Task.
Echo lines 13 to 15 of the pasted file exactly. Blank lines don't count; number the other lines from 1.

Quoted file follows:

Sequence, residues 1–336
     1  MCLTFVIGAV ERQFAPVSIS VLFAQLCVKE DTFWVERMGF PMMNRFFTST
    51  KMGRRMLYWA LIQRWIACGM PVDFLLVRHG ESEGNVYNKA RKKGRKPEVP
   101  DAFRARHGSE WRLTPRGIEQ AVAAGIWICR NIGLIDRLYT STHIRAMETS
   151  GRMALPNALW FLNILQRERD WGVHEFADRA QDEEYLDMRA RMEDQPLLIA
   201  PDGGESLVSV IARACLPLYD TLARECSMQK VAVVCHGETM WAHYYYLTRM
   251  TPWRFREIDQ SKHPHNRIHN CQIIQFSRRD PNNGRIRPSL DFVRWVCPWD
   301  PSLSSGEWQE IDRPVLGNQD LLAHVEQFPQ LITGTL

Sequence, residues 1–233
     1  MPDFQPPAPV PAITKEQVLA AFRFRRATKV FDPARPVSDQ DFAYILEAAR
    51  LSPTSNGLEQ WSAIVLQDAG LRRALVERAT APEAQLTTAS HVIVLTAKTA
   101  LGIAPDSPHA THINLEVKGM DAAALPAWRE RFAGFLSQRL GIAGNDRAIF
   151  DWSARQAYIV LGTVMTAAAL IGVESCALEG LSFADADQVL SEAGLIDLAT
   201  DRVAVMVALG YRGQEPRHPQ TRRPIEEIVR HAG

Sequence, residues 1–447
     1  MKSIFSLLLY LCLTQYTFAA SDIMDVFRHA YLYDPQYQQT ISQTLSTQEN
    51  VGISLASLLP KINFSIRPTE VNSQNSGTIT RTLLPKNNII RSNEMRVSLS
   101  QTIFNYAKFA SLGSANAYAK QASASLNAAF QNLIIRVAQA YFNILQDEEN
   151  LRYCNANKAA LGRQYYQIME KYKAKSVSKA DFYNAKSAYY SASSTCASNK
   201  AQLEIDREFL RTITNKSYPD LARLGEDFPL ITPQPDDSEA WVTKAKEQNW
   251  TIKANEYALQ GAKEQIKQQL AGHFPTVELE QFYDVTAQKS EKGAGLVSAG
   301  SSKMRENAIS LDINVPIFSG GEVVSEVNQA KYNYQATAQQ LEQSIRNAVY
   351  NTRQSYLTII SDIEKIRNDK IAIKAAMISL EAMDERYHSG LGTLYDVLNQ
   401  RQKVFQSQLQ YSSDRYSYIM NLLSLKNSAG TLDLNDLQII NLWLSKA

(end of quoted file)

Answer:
   151  DWSARQAYIV LGTVMTAAAL IGVESCALEG LSFADADQVL SEAGLIDLAT
   201  DRVAVMVALG YRGQEPRHPQ TRRPIEEIVR HAG

Sequence, residues 1–447